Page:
Villa Palladio by Barbara Miolini, Marie-Anne Oudejans and Vikas Soni

Source: Villa Palladio team
Source: Villa Palladio team
Source: Villa Palladio team

Possibly one of the most unexpected heritage conservation projects, Villa Palladio has become internationally famous for its unique architectural and design styles. Originally belonging to the royal Kanota family and built by nobleman Abhay Singh in 1960, the palace’s original structure was made in Rajasthani heritage style, with open pavilions, scalloped arches, courtyards, turrets, and fort-like walls. The converted heritage hotel opened in 2022, and has since proven with its eclectic aesthetics that sophisticated designs can be found in vibrant colours, as opposed to the usual subdued palettes. 

Source: Villa Palladio team
Source: Villa Palladio team

Swiss-Italian Jaipur resident Barbara Miolini, founder of Bar Palladio, Dutch designer Marie-Anne Oudejans, and artist Vikas Soni worked together on turning this simple structure into one of the most talked-about heritage design projects of the 21st century. Miolini was inspired by 16th century Italian architect Andrea Palladio, and merged Indo-Mughal styles with his aesthetics to create the hotel’s unique, blended design. With 9 opulent rooms bright with colour and design, these interiors have a variety of striped walls, marble floors, stained-glass arches, and furnishings that have all been locally made and sourced. A true celebration of India’s unique architectural heritage.

 

Ahilya Fort

Perched above Madhya Pradesh’s serene River Narmada, Ahilya Fort is located in Maheshwar, Madhya Pradesh. Named after Maharani Ahilyabai Holkar, who ruled there from 1765-1796 and built Ahilya Wada, it was once home to her personal residences, offices, and darbaar audience hall. In the year 2000, her descendant Prince Richard Holkar – also the last Maharaja of Indore’s son – converted his home in Ahilya Wada into a guest residence. Today, this stands as the Ahilya Fort Hotel, a luxurious haven of hospitality that houses luxury at its finest.

With 19 expansive rooms and an unparalleled scenic view of Maheshwar’s riverfront, living at this hotel is a chance to experience 18th century royalty, with the best modern amenities. Guests can spend their days amidst 3 acres of lush green courtyards, sparkling fountains, and gardens that link to other pathways in the Wada.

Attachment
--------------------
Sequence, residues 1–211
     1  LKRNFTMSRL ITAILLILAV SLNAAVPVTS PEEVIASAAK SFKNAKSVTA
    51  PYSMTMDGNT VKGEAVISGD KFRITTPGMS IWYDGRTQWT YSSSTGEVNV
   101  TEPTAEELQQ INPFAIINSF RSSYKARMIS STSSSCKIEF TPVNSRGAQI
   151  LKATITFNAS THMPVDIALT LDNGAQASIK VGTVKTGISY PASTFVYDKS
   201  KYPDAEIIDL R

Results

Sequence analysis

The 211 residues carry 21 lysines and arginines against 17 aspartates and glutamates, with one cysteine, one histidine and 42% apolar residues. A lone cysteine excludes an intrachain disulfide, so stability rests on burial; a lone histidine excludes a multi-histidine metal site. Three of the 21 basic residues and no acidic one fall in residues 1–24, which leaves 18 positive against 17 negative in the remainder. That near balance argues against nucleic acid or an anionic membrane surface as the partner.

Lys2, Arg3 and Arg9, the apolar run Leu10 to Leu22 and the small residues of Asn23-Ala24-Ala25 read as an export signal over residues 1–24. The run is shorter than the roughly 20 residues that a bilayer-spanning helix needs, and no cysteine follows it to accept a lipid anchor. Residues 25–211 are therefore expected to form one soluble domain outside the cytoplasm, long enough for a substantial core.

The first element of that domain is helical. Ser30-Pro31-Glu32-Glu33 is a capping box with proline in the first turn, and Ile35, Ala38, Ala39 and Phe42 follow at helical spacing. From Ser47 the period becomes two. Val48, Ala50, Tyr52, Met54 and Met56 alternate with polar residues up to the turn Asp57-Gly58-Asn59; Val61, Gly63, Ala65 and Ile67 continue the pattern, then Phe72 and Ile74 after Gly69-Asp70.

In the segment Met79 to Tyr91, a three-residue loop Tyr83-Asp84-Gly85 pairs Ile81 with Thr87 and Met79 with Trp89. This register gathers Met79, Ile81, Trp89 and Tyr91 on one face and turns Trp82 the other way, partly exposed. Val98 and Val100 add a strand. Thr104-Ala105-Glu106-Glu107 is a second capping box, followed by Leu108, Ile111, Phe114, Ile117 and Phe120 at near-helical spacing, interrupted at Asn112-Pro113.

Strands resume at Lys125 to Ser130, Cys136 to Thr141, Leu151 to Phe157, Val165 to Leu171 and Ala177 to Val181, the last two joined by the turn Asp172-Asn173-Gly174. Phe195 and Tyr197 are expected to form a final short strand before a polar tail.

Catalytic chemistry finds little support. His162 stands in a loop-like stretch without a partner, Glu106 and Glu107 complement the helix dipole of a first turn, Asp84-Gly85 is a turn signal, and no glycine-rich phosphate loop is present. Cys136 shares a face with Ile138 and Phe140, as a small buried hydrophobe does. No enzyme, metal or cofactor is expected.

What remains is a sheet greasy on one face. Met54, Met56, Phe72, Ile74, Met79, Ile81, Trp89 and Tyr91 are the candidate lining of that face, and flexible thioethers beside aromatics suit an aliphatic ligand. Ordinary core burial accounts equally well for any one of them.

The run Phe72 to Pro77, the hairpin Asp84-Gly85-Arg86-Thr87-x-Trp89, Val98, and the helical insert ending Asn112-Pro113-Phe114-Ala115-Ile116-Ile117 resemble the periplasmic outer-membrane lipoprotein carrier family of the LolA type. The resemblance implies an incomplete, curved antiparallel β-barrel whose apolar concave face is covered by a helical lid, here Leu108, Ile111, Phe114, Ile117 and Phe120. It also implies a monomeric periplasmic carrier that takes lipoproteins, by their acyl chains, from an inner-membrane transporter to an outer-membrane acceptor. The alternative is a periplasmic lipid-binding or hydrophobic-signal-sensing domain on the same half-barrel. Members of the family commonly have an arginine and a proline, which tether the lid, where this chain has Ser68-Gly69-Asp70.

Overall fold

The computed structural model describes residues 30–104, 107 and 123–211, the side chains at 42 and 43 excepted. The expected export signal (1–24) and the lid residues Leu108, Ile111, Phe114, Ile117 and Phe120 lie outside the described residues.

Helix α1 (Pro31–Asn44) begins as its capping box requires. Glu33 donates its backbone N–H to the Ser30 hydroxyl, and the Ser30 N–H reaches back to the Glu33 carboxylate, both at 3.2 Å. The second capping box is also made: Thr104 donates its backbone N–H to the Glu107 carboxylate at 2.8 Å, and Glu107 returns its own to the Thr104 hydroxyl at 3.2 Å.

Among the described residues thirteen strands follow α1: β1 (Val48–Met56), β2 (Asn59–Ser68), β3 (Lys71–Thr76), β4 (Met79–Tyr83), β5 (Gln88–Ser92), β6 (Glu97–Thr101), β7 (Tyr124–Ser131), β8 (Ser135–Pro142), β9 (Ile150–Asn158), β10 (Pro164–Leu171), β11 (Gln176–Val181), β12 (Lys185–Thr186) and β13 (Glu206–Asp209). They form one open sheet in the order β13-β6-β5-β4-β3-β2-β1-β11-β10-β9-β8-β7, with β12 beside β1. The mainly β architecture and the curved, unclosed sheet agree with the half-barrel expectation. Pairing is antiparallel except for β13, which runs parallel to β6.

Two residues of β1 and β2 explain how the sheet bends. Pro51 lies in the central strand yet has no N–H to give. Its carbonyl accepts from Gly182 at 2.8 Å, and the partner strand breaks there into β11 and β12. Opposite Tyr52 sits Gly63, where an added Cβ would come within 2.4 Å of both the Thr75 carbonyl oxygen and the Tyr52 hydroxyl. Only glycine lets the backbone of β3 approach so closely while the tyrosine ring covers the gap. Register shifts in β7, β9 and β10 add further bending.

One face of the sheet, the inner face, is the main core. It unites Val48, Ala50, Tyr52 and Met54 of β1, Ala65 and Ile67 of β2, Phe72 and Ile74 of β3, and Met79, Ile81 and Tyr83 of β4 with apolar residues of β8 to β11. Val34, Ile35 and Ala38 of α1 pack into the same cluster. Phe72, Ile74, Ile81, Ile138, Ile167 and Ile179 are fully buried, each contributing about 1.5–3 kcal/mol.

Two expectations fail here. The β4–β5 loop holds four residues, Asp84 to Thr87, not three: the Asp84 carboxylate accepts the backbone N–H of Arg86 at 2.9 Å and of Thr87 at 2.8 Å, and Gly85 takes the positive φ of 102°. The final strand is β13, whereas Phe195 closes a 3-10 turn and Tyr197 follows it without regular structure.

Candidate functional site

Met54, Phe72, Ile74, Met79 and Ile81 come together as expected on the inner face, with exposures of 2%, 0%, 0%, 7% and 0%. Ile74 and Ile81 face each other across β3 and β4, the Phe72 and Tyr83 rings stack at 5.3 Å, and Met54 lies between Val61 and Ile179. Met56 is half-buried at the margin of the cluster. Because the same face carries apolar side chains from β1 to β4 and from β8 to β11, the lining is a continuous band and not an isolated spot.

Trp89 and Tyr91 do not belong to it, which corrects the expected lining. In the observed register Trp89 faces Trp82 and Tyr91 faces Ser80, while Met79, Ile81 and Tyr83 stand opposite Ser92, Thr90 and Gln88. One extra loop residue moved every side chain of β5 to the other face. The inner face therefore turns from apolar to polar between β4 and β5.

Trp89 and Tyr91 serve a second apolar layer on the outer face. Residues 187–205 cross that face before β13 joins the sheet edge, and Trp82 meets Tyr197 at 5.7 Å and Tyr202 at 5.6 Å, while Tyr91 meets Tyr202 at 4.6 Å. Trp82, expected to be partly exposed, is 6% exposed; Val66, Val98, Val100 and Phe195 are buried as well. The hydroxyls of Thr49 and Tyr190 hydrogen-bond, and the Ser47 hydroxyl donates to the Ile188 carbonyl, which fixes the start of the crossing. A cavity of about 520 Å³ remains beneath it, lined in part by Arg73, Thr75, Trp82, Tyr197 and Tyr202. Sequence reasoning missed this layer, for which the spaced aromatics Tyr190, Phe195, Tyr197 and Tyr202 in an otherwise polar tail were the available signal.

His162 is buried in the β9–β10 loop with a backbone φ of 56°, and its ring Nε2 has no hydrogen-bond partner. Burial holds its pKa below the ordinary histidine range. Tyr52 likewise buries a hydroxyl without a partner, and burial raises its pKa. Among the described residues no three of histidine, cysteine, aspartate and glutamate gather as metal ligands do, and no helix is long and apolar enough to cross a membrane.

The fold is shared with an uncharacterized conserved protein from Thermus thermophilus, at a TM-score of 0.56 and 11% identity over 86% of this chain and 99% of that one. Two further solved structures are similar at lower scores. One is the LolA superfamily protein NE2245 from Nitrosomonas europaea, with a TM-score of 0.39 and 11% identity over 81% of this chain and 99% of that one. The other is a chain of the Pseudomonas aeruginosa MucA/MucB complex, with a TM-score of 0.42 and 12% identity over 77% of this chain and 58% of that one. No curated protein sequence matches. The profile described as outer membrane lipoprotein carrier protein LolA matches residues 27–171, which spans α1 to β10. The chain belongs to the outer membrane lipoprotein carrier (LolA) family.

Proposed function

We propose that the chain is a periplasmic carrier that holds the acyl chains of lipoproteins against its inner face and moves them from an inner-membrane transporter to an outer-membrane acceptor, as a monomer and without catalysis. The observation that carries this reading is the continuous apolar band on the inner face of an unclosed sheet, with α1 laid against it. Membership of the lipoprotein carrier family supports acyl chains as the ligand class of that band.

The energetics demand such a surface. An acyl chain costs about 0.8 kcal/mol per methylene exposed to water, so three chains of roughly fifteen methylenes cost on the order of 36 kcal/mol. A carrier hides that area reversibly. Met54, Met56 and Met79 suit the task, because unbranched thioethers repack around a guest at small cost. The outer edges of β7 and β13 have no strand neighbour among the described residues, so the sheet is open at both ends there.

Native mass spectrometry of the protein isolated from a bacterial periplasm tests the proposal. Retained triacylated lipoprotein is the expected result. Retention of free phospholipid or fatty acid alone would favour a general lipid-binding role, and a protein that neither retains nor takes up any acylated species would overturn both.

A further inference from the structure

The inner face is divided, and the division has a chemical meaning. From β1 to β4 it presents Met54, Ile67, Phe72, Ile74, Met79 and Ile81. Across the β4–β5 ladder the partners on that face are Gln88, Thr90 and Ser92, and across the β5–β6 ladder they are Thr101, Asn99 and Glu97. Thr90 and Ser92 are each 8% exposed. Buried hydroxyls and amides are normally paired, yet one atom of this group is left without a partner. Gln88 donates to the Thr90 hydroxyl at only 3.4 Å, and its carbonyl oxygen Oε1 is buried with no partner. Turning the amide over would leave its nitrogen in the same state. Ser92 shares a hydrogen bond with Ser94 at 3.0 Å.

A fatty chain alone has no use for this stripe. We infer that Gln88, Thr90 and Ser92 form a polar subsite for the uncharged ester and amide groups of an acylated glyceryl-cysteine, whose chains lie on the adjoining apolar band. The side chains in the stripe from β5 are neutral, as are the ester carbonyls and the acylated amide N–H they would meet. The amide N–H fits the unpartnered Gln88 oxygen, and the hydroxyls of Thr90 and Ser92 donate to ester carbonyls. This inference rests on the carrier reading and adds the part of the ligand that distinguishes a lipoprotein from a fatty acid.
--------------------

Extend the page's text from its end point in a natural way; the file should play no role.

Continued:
Jehan Numa Palace by Design Consortium

Source: Jehan Numa Palace team

Situated on the slopes of Bhopal’s Shamla Hills, the Jehan Numa Palace is a regal 19th century residence that originally belonged to the Nawabs of Bhopal. General Obaidullah Khan ordered its construction in 1890, which was done by marrying British colonial, Italian renaissance, and classical Greek architecture. The princely estate became a government hostel post-independence, and in the early ‘80s, acted as the Geological Survey of India’s base. Nestled amidst green landscapes and floral abundance, this palace has remained one of the grandest pieces still functioning from India’s recent history. 

Source: Jehan Numa Palace team
Source: Jehan Numa Palace team

General Khan’s grandsons, Nadir and Yawar Rashid, took it upon themselves to preserve the property. Mansi and Harshit Jholapura of Design Consortium were approached to conserve and convert the palace into a heritage hotel, and it was deemed as central India’s first Heritage Grand Hotel. Today, the glorious hotel hosts 100 rooms, of which 6 are luxury suites, each one intricately designed. Its gleaming white facade matches its splendid interiors: vintage colonial furniture, marbled floors, portraits and paintings. The property also houses a courtyard, riding track, swimming pool and multicuisine restaurants. Guests experience palatial delights, heritage architecture and luxurious hospitality, along with unique, curated holiday experiences. Royalty for the modern age.